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DUKE OF VENICE:
IAGObrother to Brabantio.kinsman to Brabantio.a noble Moor in the service of the Venetian state.his lieutenant.his ancient.
a Venetian gentleman.
Othello's predecessor in the government of Cyprus.RODERIGOMONTANO
Clown, servant to Othello. (Clown:)
DESDEMONAdaughter to Brabantio and wife to Othello.EMILIAwife to Iago.
BIANCAmistress to Cassio.
Sailor, Messenger, Herald, Officers, Gentlemen,Musicians, and Attendants.
SCENEVenice: a Sea-port in Cyprus.
SCENE IVenice. A street.
RODERIGOTush! never tell me; I take it much unkindly
That thou, Iago, who hast had my purse
As if the strings were thine, shouldst know of this.IAGO'Sblood, but you will not hear me:
If ever I did dream of such a matter, Abhor me.
Thou told'st me thou didst hold him in thy hate.RODERIGO
IAGODespise me, if I do not. Three great ones of the city,
In personal suit to make me his lieutenant,
Off-capp'd to him: and, by the faith of man,
I know my price, I am worth no worse a place:
But he; as loving his own pride and purposes,
Evades them, with a bombast circumstance
Horribly stuff'd with epithets of war;
And, in conclusion,
Nonsuits my mediators; for, 'Certes,' says he,
'I have already chose my officer.'
And what was he?
Forsooth, a great arithmetician,
One Michael Cassio, a Florentine,
A fellow almost damn'd in a fair wife;
That never set a squadron in the field,
Nor the division of a battle knows
More than a spinster; unless the bookish theoric,
Wherein the toged consuls can propose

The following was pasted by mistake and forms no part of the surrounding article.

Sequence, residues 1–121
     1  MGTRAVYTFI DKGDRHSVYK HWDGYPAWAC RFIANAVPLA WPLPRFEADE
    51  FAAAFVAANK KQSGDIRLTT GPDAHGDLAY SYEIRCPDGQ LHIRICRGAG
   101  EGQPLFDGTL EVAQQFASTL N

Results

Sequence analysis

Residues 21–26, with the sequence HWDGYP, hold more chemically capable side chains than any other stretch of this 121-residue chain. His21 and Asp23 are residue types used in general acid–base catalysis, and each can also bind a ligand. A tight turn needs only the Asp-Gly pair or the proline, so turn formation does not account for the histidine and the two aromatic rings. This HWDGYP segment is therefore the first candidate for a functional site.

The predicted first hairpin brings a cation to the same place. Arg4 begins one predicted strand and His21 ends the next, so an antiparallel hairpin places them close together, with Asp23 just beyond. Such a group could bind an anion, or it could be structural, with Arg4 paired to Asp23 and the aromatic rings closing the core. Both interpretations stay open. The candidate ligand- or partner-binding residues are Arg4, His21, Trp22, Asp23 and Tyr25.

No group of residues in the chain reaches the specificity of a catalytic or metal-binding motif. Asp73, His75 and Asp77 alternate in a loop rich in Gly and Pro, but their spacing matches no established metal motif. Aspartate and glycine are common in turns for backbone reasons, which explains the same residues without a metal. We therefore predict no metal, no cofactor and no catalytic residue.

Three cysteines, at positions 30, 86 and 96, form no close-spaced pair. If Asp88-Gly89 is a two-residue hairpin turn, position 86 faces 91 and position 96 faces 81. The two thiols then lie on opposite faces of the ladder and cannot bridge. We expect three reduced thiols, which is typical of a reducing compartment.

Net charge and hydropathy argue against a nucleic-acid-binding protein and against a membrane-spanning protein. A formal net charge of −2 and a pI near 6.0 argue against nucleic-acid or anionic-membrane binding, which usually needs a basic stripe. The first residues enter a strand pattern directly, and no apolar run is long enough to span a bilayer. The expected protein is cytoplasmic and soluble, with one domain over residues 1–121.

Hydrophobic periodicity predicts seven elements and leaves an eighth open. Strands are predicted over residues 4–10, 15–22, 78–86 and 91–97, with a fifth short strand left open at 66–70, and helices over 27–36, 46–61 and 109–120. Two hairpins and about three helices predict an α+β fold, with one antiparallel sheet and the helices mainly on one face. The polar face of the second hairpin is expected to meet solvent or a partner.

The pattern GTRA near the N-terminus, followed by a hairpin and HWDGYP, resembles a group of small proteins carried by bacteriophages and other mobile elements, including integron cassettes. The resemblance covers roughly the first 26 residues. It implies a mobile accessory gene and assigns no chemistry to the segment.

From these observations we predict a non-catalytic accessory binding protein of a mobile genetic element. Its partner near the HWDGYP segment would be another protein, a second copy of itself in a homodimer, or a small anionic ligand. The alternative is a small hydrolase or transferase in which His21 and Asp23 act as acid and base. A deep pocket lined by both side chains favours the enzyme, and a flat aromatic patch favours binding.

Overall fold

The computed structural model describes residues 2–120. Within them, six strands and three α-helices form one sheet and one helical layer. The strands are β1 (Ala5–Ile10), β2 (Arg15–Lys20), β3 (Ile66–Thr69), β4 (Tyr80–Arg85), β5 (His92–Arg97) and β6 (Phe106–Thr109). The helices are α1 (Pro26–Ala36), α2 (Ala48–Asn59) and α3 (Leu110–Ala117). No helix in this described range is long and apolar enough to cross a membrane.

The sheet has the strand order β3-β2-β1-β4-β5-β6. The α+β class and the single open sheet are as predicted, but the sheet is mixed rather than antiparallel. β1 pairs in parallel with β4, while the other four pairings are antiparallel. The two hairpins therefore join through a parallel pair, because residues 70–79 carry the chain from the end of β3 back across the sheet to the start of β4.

As masterly as he: mere prattle, without practise,Is all his soldiership. But he, sir, had the election:And I, of whom his eyes had seen the proof
At Rhodes, at Cyprus and on other grounds
Christian and heathen, must be be-lee'd and calm'dBy debitor and creditor: this counter-caster,
He, in good time, must his lieutenant be,
And I--God bless the mark!--his Moorship's ancient.
By heaven, I rather would have been his hangman.RODERIGO
IAGOWhy, there's no remedy; 'tis the curse of service,
Preferment goes by letter and affection,
And not by old gradation, where each second
Stood heir to the first. Now, sir, be judge yourself,
Whether I in any just term am affined
To love the Moor.
IAGOI would not follow him then.O, sir, content you;
I follow him to serve my turn upon him:
We cannot all be masters, nor all masters
Cannot be truly follow'd. You shall mark
Many a duteous and knee-crooking knave,
That, doting on his own obsequious bondage,
Wears out his time, much like his master's ass,
For nought but provender, and when he's old, cashier'd:Whip me such honest knaves. Others there are
Who, trimm'd in forms and visages of duty,
Keep yet their hearts attending on themselves,
And, throwing but shows of service on their lords,
Do well thrive by them and when they have lined
Do themselves homage: these fellows have some soul;And such a one do I profess myself. For, sir,
It is as sure as you are Roderigo,
Were I the Moor, I would not be Iago:
In following him, I follow but myself;
Heaven is my judge, not I for love and duty,
But seeming so, for my peculiar end:
For when my outward action doth demonstrate
The native act and figure of my heart
In compliment extern, 'tis not long after
But I will wear my heart upon my sleeve
For daws to peck at: I am not what I am.
RODERIGOWhat a full fortune does the thicklips owe
If he can carry't thus!
IAGOCall up her father,
Rouse him: make after him, poison his delight,
Proclaim him in the streets; incense her kinsmen,And, though he in a fertile climate dwell,
Plague him with flies: though that his joy be joy,
Yet throw such changes of vexation on't,
As it may lose some colour.